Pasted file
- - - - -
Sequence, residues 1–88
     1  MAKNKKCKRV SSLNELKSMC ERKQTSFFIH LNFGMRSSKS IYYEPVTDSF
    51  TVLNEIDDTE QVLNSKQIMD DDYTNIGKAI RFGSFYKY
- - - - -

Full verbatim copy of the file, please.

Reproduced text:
Sequence, residues 1–88
     1  MAKNKKCKRV SSLNELKSMC ERKQTSFFIH LNFGMRSSKS IYYEPVTDSF
    51  TVLNEIDDTE QVLNSKQIMD DDYTNIGKAI RFGSFYKY